President Barack Obama signed the ACA into law in March 2010. The number of uninsured, which was 48 million in 2010, fell to 28 million by 2016. By 2021, the uninsured rate fell to record lows, with about 27 million uninsured.
Hospital lobbyists argue the industry has already absorbed cuts in Medicare funding under the ACA and that the Medicaid cuts should not be implemented because uninsured rates have not dropped as low as the 5% rate predicted before the law's passage.
Though the health law has been a "godsend," it also has not met its anticipated goal of universal coverage, said Chip Kahn, the president and CEO of the Federation of American Hospitals, which represents for-profit hospitals.
Kahn, who was involved in the agreement with the Obama White House, said the ACA has fallen short of universal coverage largely because 10 states, including more populous ones like Florida and Texas, have yet to adopt Medicaid expansion.
As a result, hospitals in these states have provided more unpaid care than anticipated and need the additional Medicaid payments to cover costs, he said.
Kahn said the extra Medicaid payments also help offset shortfalls caused by Medicare and Medicaid underpaying hospitals.
The ACA called for the DSH program's cuts to be phased in, with less than $1 billion being cut in each of the first few years. But after hospitals lobbied Congress to postpone them, the revised budget deals meant future cuts would be deeper and immediate — leading to the $8 billion annual cuts currently slated for the coming years.
In fiscal year 2021, the most recent year for which data is available, DSH spending nationwide totaled $18.9 billion. While those payments represent 3% of overall Medicaid spending, they account for as much as 10% of some states' Medicaid spending.
The program, intended for safety-net hospitals, has been the subject of controversy for decades.
One reason is that the money does not always go to safety-net hospitals.
A study published in Health Affairs last year found 57% of hospitals received the DSH payments in 2015. About 94% of these payments went to hospitals with either a high percentage of uninsured patients or Medicaid enrollees or higher-than-average uncompensated care.
But 6% of recipient hospitals did not meet these criteria, the study showed.
The researchers estimated that about a third of the payments went to hospitals not focused on caring for low-income populations.
Paula Chatterjee, the lead author on the study and the director of health equity research at the Leonard Davis Institute of Health Economics at the University of Pennsylvania, said hospitals aren't transparent about how they spend the extra money and that the states that receive the most money do not always have the highest rates of uninsured residents.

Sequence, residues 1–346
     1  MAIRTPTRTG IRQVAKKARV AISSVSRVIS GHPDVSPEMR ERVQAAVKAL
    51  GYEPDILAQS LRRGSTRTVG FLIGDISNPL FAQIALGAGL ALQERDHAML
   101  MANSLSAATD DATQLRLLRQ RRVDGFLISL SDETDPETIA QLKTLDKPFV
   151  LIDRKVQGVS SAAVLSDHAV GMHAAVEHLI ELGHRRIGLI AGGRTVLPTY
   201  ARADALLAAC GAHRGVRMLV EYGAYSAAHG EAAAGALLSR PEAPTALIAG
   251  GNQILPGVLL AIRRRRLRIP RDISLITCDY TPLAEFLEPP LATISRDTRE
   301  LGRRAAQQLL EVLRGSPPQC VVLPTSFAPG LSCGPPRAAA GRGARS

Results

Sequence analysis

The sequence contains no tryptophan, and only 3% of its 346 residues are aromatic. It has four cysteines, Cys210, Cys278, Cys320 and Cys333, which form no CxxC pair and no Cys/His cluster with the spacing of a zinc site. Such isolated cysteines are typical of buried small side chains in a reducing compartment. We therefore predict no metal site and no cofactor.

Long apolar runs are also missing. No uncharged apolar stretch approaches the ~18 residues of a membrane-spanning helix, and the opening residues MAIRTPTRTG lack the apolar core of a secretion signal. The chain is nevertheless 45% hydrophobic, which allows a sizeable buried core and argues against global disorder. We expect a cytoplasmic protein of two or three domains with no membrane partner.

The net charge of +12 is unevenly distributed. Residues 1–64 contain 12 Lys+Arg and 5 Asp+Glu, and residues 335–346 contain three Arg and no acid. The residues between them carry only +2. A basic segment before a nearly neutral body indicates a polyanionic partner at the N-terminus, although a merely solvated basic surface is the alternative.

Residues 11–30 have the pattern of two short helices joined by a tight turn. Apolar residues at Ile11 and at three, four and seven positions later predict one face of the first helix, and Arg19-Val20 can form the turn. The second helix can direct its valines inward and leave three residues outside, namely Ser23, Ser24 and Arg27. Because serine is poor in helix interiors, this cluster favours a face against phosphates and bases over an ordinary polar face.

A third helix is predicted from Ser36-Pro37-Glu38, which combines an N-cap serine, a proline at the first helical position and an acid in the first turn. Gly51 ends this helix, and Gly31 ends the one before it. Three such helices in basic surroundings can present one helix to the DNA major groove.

While the safety-net program is intended to help hospitals treating large numbers of Medicaid and uninsured patients, the formula determining how much money states get is based on historical Medicaid spending totals before limits were put in place in 1992, she said.
As a result, states like New York and New Jersey are among the largest recipients of the supplemental funding even though they have some of the lowest uninsured rates, she said.
Beth Feldpush, the senior vice president of policy and advocacy for America's Essential Hospitals, which represents 300 safety-net hospitals, said these facilities' 3% average operating margin would disappear if not for DSH money. "Members of Congress recognize there are pockets of underserved communities in most congressional districts," she said.
Chatterjee said hospitals will likely argue there is never a good time to accept the cuts. She noted some rural and urban hospitals have closed in recent years even as other hospitals have made record profits.
"It's always hard to take money away from hospitals because they hold such symbolic meaning, and legislators know that," she said.
This article was reprinted from khn.org with permission from the Henry J. Kaiser Family Foundation. Kaiser Health News, an editorially independent news service, is a program of the Kaiser Family Foundation, a nonpartisan health care policy research organization unaffiliated with Kaiser Permanente.